Migrating to Github

As most of developers may already know, Google decided to get rid of another of their products some time ago, Google Code in this case. Moving a Subversion repository to another place is not complex, the problem is that it is not just about source code: the Wiki, the task manager or the contributor list will also dissapear by this year. For Quimera Engine, the only thing that would suppose a notable loss of time would be moving more than 800 tasks that exist in the Issue Tracker, counting both open and closed. Fortunately, Google provided (which is the least they could do) every administrator with a script to make the migration easier to one of many project management platforms with code repository out there: Github. I do not know whether the script was made by either Github's people or Google Code's.

All the problems and necessary changes that had to be done for this project are described below:

  • The directories structure of the repository had to be changed. Git only admits a trunk folder and a branches folder in that repository's root directory. The folder tree in this project was the typical one can find in a SVN repository: trunk, team, tags, branches. When exporting using the script, only trunk and branches folders are exported. Therefore, for the user to find exactly the same structure when entering Github (which shows trunk's content only), everything in the root folder was moved to the trunk folder (so there is one trunk into another).
  • All the commits related to all the folders outside the trunk folder were lost. Although folders were moved as described in the previous point, all the commits associated to the team folder, for example, are lost. All the valuable information about the progress, dates, comments describing solutions, etc. lost.
  • Empty .txt files had to be created inside every empty folder in the repository. Git works with files, not directories, so an empty directory does not exist for it and hence they are not kept in the repository. Some of the SQDirectory's and SQFile's unit tests required the existence of some empty directories, so they have to be created by code now; besides, there were other directories which serve to highlight that certain things are planned but not done yet. There are some hacks to simulate empty folders in Git, but it is not necessary.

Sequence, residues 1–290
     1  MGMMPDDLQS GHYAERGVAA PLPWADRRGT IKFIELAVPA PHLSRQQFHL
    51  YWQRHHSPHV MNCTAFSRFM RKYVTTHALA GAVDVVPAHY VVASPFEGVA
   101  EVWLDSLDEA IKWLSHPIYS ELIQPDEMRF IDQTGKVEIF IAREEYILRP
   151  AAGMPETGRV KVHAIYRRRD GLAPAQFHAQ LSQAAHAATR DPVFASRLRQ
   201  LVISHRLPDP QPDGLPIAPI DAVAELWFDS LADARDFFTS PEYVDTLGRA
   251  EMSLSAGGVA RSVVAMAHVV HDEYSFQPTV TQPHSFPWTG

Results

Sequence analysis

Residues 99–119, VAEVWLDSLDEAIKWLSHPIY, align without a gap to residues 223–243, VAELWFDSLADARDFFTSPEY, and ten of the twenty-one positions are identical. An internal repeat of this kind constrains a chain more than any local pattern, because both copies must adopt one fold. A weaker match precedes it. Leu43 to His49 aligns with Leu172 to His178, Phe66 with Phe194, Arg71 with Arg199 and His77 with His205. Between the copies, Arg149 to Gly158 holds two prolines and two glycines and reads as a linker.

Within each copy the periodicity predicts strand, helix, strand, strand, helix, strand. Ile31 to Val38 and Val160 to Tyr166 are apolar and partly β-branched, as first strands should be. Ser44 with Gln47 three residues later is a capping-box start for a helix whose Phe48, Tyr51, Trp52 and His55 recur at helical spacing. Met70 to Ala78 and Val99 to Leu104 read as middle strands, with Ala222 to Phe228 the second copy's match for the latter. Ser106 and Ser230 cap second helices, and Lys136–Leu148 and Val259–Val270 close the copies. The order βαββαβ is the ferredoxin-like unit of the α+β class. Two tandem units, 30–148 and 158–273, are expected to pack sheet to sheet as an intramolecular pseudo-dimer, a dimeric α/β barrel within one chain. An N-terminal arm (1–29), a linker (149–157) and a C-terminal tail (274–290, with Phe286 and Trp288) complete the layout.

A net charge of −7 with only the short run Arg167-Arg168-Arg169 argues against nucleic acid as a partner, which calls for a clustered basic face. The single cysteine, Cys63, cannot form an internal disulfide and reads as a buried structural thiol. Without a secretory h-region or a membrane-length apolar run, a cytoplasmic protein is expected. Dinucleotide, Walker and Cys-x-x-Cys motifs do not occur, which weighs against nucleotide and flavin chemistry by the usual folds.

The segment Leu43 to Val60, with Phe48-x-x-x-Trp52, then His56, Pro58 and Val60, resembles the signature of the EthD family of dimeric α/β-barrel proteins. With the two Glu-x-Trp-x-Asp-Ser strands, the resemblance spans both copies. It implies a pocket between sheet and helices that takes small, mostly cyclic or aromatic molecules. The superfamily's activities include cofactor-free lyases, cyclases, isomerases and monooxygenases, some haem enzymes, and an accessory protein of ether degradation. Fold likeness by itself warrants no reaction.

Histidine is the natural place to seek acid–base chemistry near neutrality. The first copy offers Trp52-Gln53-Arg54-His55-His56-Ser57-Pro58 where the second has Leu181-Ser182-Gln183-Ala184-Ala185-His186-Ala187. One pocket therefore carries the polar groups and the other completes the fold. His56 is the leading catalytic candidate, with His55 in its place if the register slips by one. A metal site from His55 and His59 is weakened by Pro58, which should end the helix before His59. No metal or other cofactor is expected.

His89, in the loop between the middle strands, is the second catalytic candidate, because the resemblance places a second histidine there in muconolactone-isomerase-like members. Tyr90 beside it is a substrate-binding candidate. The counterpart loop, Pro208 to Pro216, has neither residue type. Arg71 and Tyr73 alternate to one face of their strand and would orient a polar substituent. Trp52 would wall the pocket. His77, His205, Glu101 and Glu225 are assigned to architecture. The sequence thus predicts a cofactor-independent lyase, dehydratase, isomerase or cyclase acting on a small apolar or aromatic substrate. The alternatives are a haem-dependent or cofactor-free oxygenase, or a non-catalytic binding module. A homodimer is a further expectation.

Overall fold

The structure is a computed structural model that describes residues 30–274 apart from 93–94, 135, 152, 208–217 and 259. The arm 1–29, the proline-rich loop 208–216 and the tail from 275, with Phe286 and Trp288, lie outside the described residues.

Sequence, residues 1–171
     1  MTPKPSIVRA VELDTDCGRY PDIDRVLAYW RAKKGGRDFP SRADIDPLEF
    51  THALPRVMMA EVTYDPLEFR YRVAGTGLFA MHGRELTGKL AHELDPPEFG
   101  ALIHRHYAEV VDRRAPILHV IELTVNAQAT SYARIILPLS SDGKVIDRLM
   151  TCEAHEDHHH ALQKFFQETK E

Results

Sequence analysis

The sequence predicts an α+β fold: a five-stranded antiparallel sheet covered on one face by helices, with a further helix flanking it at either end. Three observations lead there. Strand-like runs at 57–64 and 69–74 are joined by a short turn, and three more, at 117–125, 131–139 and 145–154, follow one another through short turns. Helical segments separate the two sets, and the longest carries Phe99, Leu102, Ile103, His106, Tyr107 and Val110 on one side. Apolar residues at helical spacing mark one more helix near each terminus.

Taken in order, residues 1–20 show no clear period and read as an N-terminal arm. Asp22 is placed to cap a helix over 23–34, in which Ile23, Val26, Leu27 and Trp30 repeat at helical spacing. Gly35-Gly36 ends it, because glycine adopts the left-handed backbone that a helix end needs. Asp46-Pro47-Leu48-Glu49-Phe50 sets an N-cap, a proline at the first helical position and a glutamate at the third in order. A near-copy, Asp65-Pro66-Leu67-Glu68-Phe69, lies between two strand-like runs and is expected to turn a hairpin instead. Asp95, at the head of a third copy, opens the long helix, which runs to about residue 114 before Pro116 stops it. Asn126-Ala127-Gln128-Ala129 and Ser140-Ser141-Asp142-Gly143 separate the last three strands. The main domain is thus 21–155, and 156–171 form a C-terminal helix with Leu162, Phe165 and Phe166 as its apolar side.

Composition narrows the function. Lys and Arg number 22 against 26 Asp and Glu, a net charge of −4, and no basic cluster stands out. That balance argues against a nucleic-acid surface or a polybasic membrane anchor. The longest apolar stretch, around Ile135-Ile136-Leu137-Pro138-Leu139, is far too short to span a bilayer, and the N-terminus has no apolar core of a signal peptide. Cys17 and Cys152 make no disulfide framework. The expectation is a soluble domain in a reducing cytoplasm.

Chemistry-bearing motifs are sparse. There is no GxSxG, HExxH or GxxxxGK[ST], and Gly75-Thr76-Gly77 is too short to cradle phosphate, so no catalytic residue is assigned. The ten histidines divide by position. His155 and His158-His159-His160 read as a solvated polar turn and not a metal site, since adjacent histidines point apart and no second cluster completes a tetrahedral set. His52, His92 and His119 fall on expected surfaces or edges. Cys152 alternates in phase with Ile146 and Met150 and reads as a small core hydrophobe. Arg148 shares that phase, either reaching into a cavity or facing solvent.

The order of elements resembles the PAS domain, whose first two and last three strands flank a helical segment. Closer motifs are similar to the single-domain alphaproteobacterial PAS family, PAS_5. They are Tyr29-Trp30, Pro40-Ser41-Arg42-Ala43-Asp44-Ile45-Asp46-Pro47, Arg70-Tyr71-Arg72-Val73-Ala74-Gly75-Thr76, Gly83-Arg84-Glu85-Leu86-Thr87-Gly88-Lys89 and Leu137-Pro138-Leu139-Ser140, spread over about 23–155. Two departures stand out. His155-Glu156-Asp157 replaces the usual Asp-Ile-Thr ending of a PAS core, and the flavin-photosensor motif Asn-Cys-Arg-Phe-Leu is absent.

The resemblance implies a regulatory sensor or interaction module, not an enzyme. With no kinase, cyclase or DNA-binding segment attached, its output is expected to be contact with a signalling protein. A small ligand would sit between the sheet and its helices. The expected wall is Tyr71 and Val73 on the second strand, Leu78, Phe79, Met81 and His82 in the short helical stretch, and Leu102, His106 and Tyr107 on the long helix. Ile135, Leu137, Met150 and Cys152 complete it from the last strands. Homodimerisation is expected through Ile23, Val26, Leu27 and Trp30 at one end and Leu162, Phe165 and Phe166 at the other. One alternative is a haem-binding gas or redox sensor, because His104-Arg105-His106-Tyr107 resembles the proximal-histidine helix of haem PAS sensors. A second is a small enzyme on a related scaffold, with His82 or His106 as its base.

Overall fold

• Status labels had to be created and assigned to every issue. This information is lost during the exportation, only open and closed states are distinguished. For example, an issue whose status is "Ready For Review" (open, ready to be reviewed by someone), this would not appear in the corresponding issue in Github.
  • Although it was not necessary, instead of using labels to know which phase an issue belongs to, they have been removed and replaced with milestones.
  • Obviously, both the web portal and the wiki of the project were updated for all the links to point to the Github's web.

As can be seen, it was not very hard but it was tedious and consumed so much time though. Next paragraphs are not objective anymore and include personal opinions about the new situation.

After fiddling a lot with Github (which I heard a lot about but never tried), I began to make many questions in my mind and to be overwhelmed, mostly after I saw the new Issue Tracker. The following table shows the pros and cons of Github's Issue Tracker compared to Google Code's (note that only features used by this project are considered, there may be better or worse things that do not affect this project):

Pros Cons

Color labels are more visible, if and when there are not so many.

When a list of labels is shown either when assigning to or filtering tasks, the order in which labels appear cannot be controlled. For example, priority labels cannot be put together, a common prefix has to be added.